In [1]:

```
import pymc3 as pm
import numpy as np
%matplotlib inline
from IPython.core.pylabtools import figsize
import matplotlib.pyplot as plt
import scipy.stats as stats
import pandas as pd
import random
figsize(12.5, 4)
```

We model our estimated landscape area using 3 error components:

$$\hat{LA} = LA * \epsilon_{classification} * \epsilon_{boundary} * \epsilon_{landuse}$$Where

- $LA$ is the true amount of residential landscape area within the service area of a given utility.
- $\epsilon_{classification}$ is a percent error caused by improper classification in the land cover algorithm.
- $\epsilon_{boundary}$ is a percent error caused by clipping to an improper boundary polygon.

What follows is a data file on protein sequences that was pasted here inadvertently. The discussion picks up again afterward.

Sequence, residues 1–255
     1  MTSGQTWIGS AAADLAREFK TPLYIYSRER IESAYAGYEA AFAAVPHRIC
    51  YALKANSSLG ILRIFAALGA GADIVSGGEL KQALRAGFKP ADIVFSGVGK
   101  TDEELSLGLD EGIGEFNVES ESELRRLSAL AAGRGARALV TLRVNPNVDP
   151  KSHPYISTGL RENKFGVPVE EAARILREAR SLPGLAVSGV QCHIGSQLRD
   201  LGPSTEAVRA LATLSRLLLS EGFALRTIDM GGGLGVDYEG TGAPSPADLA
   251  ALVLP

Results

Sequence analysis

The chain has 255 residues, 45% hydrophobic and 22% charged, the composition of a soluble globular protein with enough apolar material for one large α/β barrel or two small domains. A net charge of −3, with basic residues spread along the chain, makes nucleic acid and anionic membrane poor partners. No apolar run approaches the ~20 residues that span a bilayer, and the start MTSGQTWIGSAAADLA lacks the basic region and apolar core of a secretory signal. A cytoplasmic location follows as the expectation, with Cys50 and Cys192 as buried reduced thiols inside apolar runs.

- $\epsilon_{landuse}$ is a percent error caused by clipping to improper residential areas.

Accuracy across the state has been assessed by taking a random sample of pixels and comparing these against reference labels assigned by a researcher. This pixel-based accuracy assessment is then used to generate error bounds on the total amount of estimated landscape area according to the methodology outlined by Olofsson et al. (2013).

This results in a standard error of 3.87755%. That is, $se_{classification} = 0.0387755$

However, we expect the error to increase when classifying at the level of individual water retailers, and we model this through an increased variance of the classification error at the retailer level. Because we do not have a detailed accuracy assessment at this level, we must make an assumption about our prior beliefs.